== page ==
2nd – Bitter Herbs (parsley-Karpas), a representation of the hyssop plant used to apply the blood to the doorposts, is a reminder of the bitterness of Egyptian slavery. The Herbs dipped in saltwater. The saltwater reminds of the tears that were shed by the Israelites. Karpas also symbolize the initial flourishing of the Israelites in Egypt. Karpas also symbolizes springtime — which is appropriate since Passover is called Hag Ha’Aviv or the holiday of spring.
3rd – (1st Serving of Matzah) Matzah, unleavened bread which is pierced (Zecharaiah 12:10) Matzah is broken in half and one half is hidden for children to find later. Motza is called “Food of Faith” and “Food of Healing”. Matzah is also known as the Bread of Affliction, (Lechem Oni in Hebrew) symbolizes the hardship of slavery and the Jewish people’s hasty transition to freedom. The first time, the matzah is eaten by itself.
4th – Children are included to ask specific questions about what is different: the leavened vs unleavened, only bitter herbs, dipping twice, and reclining. These questions are all answered.
5th – Maggid (Telling the Passover Story) Different readers read about the Exodus story (Exodus 1:10, 11; Deut. 26:7; Exodus 12:12) The 10 Plagues are recounted by dipping a finger in the wine/grape juice and touching the napkin each time a plague is said. This represents the sufferings of the Egyptians and lessening the joy of the Jews.
I WILL SAVE YOU (2nd cup of 4) – Represents Plagues (telling of Pesach story)
6th – Shank for the Lamb that was sacrificed for the blood put on the doorposts. (Exodus 12:13 the Passover)
7th – Motzi Matzah (bread without yeast – like a cracker Exodus 12:39) is served.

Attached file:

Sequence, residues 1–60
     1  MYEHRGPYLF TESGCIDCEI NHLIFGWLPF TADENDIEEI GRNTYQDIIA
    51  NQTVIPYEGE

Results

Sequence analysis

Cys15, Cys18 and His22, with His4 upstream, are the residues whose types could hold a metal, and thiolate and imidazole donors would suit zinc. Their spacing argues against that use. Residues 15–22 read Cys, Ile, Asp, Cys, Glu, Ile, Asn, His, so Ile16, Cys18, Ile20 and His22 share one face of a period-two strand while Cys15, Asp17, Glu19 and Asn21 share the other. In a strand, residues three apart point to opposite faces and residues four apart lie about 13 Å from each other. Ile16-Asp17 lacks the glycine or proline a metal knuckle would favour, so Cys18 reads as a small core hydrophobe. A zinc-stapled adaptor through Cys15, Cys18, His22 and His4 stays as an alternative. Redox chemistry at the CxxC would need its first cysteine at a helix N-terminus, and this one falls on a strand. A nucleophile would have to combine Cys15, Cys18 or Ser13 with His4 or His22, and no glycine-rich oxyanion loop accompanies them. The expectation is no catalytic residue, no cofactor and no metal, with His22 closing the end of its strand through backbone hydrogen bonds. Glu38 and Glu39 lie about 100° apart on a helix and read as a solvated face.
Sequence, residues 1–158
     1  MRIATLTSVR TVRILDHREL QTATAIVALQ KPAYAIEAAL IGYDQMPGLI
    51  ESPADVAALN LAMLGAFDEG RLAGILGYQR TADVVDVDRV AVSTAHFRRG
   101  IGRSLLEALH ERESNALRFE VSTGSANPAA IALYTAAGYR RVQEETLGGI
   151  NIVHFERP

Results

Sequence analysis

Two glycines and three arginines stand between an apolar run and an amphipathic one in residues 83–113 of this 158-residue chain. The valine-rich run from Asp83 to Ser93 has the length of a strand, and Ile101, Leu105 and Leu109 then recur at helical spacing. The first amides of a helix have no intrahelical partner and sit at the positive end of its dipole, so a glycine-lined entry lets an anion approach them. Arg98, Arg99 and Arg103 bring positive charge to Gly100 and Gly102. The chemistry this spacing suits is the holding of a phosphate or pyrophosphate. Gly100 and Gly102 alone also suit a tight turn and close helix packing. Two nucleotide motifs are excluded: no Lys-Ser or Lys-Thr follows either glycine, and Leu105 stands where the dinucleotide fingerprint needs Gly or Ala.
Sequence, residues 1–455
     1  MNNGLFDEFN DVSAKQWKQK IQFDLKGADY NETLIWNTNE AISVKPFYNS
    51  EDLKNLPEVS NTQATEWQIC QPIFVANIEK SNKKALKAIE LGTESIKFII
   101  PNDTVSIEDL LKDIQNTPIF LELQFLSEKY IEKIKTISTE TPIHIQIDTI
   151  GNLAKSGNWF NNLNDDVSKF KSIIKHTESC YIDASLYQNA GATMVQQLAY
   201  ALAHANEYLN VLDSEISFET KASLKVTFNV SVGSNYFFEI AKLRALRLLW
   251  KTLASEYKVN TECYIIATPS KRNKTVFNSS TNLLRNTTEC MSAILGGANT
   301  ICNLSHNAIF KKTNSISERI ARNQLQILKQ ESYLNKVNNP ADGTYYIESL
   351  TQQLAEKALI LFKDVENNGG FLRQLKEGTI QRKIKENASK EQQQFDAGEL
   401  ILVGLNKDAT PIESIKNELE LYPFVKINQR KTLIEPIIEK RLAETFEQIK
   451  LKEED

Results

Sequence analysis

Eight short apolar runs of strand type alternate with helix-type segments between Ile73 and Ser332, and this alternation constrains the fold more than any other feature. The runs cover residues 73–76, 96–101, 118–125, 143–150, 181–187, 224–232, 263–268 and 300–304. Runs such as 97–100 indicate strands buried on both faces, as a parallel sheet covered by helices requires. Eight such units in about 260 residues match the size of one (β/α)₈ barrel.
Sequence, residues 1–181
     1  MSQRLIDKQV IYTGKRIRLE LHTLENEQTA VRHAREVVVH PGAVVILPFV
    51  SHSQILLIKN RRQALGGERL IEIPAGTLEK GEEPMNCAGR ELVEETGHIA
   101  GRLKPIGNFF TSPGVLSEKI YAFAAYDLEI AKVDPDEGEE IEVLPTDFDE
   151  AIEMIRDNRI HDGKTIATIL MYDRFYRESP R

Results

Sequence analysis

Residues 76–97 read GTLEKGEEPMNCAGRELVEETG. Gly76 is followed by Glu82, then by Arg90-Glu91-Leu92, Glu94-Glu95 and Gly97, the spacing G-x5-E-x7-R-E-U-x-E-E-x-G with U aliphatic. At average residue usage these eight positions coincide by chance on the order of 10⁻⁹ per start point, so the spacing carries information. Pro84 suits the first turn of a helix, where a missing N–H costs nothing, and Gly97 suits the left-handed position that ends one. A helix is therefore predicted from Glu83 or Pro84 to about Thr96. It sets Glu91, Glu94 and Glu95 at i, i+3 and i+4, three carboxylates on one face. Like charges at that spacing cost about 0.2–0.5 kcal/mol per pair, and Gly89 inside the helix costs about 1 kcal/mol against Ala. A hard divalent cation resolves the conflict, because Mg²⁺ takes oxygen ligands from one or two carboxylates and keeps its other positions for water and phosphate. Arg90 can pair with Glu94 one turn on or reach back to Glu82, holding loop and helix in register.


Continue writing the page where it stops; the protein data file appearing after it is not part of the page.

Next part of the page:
8th – (2nd serving of Matzah) Bitter Herbs (horseradish) is a reminder of the hard labor from the Egyptians to make brick and mortar. (Exodus 1:14) Matzah scoops up the horseradish and eaten.
9th – (3rd serving of Matzah) Charoseth (sweet apple, cinnamon, walnuts) reminder of redemption. It is customary to make a sandwich with the Matzah, horseradish, charoseth, and eat. The word charoset is derived from the Hebrew word for clay, cheres. “Korech”, embodies the Israelites’ bitterness over their hard labor (masonry) and the spiritual affliction they suffered from being enslaved.
9th – Egg (chagigah – a symbol of mourning for the Temple) is dipped in saltwater. The egg represents hope and the promise of new life.
10th – Bareich (Grace of giving thanks to the LORD after the meal)
11th – Tzafun (searching for the hidden Matzo bread – Afikomen) Afikomen represents Christ’s death, burial, and resurrection.
I WILL REDEEM YOU (3rd cup of 4) – Represents Redemption (symbolizes the blood of the Passover Lamb – Luke 22:20)
12th – Eliyahu Hanavi (Elijah the Prophet – is the forerunner, will come and herald the coming of the Messiah.) A child opens a door to demonstrate a looking forward to Elijah’s coming and announcing the Messiah.
13th – (Malachi 4:5-6) Blessed is He who comes? (Baruch ha-bah!)
- Hallel: Psalms of Praise (Psalm 113 – 118)
- Psalm 136 sung about Adonai’s mercy/lovingkindness/grace endures forever.
- Psalm 188:22-24 is read together and His Love Endures Forever is sung (love=chesed (חֶסֶד)
HE IS ABLE (4th cup of 4) – Represents Praise (Hallel/Psalms of praise)
Netzach: The Passover Seder Concludes with thanksgiving.
The only entry point to eternal life is accepting the Messiah and the Covenant. Understanding and deep Knowledge comes later and with maturity, as one’s own journey through the wilderness with YHWH.
Our prayer is that if you are metaphorically enslaved to Egypts affliction, oppressed, addicted, mournful, woeful, can’t fix it, and perplexed the LORD God made a way out for you through Jesus, the Lamb of God, the Passover Lamb. We pray you will respond and be set free by walking through that door now.
NEW FACES FOR A WEEK
During this week of Passover, A new group of orphans, juvenile delinquents, with no home to go to during Passover week, came to the ARC through the Jewish Agency (JA). Sixteen (16) young men ages 12-16 with five men chaperones and one lady boss. They were here for only over the Passover celebration because they had no home to go to.